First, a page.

Thursday, November 25, 2010

Deferred crunch?

From the Reagan era onwards successive US administrations created the conditions in which around $1.5 trillion anti-gravitated upwards to the richest 1% of the population. This being more capital than the fuckoff rich could actually handle by themselves, they duly sent about $1 trillion back down the wealth pyramid in the form of highly suspect loans, largely targeting the very people who'd been missing out on the party (and boy had they been made to know what a friggin' cool fiesta this was).

We all know what happened next. An unthinkably large and very black hole opened up beneath the global financial system. Like Wile-e Coyote, the banks didn't realise that they had been running in mid-air until the late summer of 2008.

Such was the magnitude of the problem and the interconnectedness of its constituent parts, that even the party representing the interests of the richest 1% under a cloak of populism and jubilant ignorance, had no choice but to step in and transfer much of the risk from the private to the state sector, from bankers to taxpayers (and bondholders, lest we forget) — or from capitalism to socialism, according to the Republican Party's kool-aid quaffers.

Socialism doesn't usually involve building levees around storm-threatened capital, but in the US the bail-outs were accompanied by a change of administration and a 'stimulus' package involving increased largesse from central purses...and that's like, socialism, right?

Anyway, this urge to borrow and spend yet more came about partly because the new guys at the helm had a long-standing commitment to bringing America's treatment of the sick up to civilised norms, brooded over long before the Crunch. That the inefficient structures being replaced actually cost more (and thus implied bigger government) than the full-coverage systems of 'socialised' medicine operated by several European countries, wasn't something that the ideologues wished to ponder much at this point.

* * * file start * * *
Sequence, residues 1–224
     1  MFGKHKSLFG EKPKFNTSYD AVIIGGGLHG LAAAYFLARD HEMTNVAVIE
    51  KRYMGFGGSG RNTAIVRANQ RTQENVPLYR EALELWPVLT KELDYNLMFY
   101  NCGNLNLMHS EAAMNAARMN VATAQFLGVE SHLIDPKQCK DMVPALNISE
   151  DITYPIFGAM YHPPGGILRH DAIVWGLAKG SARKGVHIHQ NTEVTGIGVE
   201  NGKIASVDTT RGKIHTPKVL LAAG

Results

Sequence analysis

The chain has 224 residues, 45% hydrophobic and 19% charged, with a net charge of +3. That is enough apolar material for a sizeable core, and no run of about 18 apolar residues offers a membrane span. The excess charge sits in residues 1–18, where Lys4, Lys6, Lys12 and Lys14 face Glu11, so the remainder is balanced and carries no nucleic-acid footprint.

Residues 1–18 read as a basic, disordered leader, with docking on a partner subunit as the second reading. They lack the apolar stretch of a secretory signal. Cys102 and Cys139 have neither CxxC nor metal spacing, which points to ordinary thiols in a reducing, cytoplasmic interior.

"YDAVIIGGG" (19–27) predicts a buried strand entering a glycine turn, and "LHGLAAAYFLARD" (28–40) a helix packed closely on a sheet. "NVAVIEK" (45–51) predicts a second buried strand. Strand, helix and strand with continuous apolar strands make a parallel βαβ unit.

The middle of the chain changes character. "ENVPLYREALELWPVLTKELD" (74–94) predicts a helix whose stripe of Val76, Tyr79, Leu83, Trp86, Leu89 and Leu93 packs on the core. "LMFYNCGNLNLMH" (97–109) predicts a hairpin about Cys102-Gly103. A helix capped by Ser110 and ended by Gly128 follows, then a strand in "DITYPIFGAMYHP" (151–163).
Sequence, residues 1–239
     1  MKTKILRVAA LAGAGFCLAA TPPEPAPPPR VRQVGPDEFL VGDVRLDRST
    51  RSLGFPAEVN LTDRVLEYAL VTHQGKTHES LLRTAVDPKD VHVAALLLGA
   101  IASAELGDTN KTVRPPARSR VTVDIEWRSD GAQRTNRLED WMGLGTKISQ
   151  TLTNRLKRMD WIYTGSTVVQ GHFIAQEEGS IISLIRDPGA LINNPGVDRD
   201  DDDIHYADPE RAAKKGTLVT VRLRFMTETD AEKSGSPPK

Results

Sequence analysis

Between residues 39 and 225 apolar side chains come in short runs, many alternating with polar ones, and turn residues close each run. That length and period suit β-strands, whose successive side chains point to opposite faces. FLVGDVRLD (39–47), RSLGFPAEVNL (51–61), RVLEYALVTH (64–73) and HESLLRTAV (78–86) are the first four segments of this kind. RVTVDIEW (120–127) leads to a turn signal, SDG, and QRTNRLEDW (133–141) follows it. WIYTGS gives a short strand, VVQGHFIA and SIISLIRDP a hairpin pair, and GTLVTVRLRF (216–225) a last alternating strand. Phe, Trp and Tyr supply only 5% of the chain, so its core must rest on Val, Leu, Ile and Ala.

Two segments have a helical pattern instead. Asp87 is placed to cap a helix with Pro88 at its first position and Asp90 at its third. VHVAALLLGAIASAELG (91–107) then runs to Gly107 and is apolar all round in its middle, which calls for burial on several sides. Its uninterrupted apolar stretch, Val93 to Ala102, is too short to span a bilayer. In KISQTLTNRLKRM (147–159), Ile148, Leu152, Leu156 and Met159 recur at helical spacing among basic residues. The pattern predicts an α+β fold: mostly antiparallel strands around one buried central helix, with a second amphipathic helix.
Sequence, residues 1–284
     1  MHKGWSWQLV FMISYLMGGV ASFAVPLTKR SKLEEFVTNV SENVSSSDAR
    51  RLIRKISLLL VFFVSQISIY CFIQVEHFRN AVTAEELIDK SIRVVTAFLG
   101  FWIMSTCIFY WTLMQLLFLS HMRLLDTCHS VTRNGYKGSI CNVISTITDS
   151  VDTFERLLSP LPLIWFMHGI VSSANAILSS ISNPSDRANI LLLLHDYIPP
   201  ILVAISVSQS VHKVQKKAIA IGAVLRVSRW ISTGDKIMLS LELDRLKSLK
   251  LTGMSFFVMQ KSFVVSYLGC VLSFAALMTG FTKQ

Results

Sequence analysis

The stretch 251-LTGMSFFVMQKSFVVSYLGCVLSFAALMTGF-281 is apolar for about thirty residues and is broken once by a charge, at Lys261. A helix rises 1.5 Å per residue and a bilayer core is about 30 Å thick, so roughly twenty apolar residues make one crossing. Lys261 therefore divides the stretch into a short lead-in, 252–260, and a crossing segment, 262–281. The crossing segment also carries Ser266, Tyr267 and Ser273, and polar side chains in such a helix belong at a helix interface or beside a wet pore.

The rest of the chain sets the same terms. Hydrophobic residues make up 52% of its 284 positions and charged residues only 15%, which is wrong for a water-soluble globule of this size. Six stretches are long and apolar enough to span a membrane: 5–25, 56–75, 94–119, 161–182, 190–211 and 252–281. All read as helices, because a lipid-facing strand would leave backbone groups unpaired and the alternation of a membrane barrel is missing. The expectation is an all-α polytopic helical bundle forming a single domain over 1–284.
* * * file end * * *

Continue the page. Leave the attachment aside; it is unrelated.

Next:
Whether or not one is oddly predisposed to see the transfer of risk from the corporate sphere to the state and its system of public debt in strictly Marxist terms (Capitalism v Socialism), the truth is that the sickness itself is essentially unchanged: a cancer within the global credit market.

Stimulus in the States and austerity in the EU appeared for a while to have kept it in remission, but over the past fortnight or so we've been seeing how the Eurozone could become the weakest link in the ongoing therapy package.

Suddenly you had a single currency with multiple attitudes and responses to the sudden surge of government debt as a proportion of GDP. Some of the member countries were caught with their pants down. In fact the Irish had yanked their own trousers down with gay abandon in 2006, an uninhibited display of fiscal self-endangerment which tempted the likes of WPP to pack up and move to Dublin. (Even a canny number-cruncher like Sir Martin Sorrel was unable to ask the obvious question of this deal which looked too good to be true.) While the Greeks are by nature inclined to take a narrow bend on a mountain road at full speed, the Irish simply thought they'd chance it in order to make a few extra Euros.